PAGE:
• Have you ever been given an explanation (formal or informal) as to why Pakistan govt has consistently refused to give you a visa?

I recently received communication from the Pakistani Ambassador to the US, I’ve tried repeatedly over the last years to get a visa to Pakistan and have been denied, and I was told by a senior Pakistani official that I would not be getting a visa. So I said, are you saying I’m banned and he said you can read into that what you want. The Interior Minister Rehman Malik made all of these ludicrous statements how Blackwater has never been operating in Pakistan. He said at one point that if anybody shows proof that Blackwater is in Pakistan I’ll resign. Shortly after he made that statement I did an expose about Blackwater in Pakistan. Blackwater’s relationship with Pakistan involved very powerful and wealthy Pakistanis, the Pakistani equivalent of Halliburton. I wrote about what Blackwater was doing with the Pakistani Frontier Corp, how they were doing actual operations. I don’t think my banning has anything to do with my reporting on drones but a private company that has caused death and destruction across the Muslim world but about a company that is working with the Pakistani government. They don’t want me poking around powerful Pakistani families and US mercenary companies. One of the problems with reporting on Pakistan is that there’s such hysterics about the role of the US, the CIA and military and you often have exaggeration. The truth is bad enough but there’s a need to take it five steps further and it makes it very difficult to offer a credible argument to what the US is doing in Pakistan because there’s a lot of conspiracy theories. There are some fantastic journalists in Pakistan and some insane conspiracy theories. My reporting has been misused by people who are trying to exaggerate the situation in Pakistan. I don’t know if Blackwater still operates in Pakistan but many US private military companies are there.

  • Who are the main corporations that build drones and drones ordinance like Hellfires? Any campaigns going on at the moment to bring legal cases against these companies? What else can citizens do to address the US assassinations program?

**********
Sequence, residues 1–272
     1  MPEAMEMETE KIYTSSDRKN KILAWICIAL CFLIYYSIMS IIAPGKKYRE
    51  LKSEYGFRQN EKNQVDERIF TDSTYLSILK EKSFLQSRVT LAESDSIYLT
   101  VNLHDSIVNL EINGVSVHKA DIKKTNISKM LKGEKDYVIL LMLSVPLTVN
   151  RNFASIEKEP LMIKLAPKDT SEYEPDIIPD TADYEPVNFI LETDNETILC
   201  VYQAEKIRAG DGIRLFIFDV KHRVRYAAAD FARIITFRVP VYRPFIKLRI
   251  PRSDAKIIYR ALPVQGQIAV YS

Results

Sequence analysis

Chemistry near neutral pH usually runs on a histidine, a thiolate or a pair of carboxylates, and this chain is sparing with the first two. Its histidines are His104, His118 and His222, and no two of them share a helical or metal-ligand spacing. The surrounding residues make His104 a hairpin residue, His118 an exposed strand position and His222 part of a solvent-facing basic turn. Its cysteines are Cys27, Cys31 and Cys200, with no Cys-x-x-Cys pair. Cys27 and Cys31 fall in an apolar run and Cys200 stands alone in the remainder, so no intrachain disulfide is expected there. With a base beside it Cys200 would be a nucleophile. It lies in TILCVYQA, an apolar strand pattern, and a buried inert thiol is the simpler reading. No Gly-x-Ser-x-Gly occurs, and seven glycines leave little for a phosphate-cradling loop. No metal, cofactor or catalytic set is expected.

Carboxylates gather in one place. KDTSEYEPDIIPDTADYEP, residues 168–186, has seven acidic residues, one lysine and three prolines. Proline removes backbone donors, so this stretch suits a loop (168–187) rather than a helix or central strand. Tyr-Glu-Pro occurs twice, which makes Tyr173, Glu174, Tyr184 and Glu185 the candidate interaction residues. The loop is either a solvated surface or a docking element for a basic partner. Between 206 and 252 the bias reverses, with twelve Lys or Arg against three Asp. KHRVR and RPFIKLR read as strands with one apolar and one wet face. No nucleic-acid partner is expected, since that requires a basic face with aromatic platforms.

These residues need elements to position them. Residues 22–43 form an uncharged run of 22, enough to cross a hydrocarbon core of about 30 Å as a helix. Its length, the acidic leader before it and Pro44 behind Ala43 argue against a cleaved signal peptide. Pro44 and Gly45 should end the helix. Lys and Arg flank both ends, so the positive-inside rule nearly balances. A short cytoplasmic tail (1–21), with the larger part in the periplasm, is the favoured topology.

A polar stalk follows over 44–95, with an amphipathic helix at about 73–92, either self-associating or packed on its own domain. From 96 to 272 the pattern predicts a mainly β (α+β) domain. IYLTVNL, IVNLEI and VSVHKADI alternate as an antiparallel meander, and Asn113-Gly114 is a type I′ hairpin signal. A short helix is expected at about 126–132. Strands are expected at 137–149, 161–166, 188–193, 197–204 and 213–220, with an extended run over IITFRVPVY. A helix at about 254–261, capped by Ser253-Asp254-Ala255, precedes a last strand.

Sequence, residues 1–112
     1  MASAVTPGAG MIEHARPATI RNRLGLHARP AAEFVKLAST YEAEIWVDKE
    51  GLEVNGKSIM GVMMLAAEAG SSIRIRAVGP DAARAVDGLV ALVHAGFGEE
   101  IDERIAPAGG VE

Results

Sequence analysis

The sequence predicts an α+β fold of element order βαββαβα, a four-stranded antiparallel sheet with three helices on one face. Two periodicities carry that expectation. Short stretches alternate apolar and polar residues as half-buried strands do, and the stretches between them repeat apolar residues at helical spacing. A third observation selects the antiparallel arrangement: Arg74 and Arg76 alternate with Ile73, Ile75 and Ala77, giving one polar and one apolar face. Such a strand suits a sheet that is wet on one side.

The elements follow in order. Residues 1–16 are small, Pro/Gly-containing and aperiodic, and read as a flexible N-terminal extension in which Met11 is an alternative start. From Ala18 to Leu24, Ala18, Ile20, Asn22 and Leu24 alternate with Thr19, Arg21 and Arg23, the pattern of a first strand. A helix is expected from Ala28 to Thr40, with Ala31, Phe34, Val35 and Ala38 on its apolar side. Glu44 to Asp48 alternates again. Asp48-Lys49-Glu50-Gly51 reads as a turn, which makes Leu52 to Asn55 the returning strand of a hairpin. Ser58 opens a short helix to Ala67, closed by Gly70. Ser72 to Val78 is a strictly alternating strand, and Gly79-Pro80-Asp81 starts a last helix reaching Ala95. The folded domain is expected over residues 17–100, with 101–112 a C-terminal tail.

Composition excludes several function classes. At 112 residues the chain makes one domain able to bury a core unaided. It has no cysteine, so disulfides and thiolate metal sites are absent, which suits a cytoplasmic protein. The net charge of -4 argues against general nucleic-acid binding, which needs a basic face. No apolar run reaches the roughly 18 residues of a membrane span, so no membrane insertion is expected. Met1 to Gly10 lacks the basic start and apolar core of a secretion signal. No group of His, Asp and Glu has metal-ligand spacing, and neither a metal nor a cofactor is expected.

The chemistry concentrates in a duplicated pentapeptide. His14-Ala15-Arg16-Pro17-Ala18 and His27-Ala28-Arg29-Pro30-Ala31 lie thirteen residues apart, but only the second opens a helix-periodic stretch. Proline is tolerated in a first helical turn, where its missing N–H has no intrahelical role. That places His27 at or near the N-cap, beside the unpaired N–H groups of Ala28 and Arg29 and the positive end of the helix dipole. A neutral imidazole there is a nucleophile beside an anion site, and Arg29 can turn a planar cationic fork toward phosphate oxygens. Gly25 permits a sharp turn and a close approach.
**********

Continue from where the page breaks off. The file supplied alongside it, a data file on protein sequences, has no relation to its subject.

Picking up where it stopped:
One company that has escaped public scrutiny for its role in all of these wars is Lockheed Martin. It’s a parallel US military. Blackwater is a parallel CIA/special operations force. LH is like a government unto itself. Their commercials celebrate that they’re involved in every possible aspect of the US war machine. It’s involved from the production of weapons to intelligence to logistics.

  • Thoughts on Obama’s attitude towards the secret war he is prosecuting?

I don’t think Obama is all that conflicted about these secret wars. Obama had no military experience, very little foreign policy experience outside of his short stint in the US Senate, he comes into office after campaigning on a pledge to reverse the Bush era excesses but he’d refined his message to the point where he was going to escalate the war in Afghanistan and taking the fight to the terrorists, which means waging offensive/pre-emptive war. He comes into office and the people he’s surrounded with are the people who ran the most covert aspect of Bush’s wars. Stanley McCrystal, who ran JSOC, Admiral William McRiven, original member of Seal Team 6, who helped the Bush admin formulate its kill/capture program in the early days after 9/11 and then the head of JSOC under Obama and David Petraeus, Cheney’s general and somebody who had pushed for a policy to strike in countries around the world not just in declared battlefields. Those three men pitched to Obama that if we don’t give authority to US military forces to strike at will in countries around the world there’s going to be another attack, that there are people plotting to blow up airliners or poison the US water supply or attack public transportation systems or attack US embassies, if we don’t take the fight to them, and take them out, then this is going to be a one-term President who’s going to be responsible for another terror attack on US soil and he would have been eaten alive by the Republicans. So Obama said he would draw down from Iraq, surge in Afghanistan, and decapitate these terror networks, then once we get into that game, of whack-a-mole, a war of attrition. I think they believed that by killing the heads of various militant groups around the world that they’re actually keeping America safe. I think Obama and Cheney are very different people. Cheney is a caricature sitting in his lair plotting the destruction of the world but Obama has bought into this idea that America needs to wage pre-emptive war to keep itself safe. The result will a state of perpetual war for many years to come.

  • Implications of future electronic warfare? US dominance won’t last so what does this mean for the wars of the future?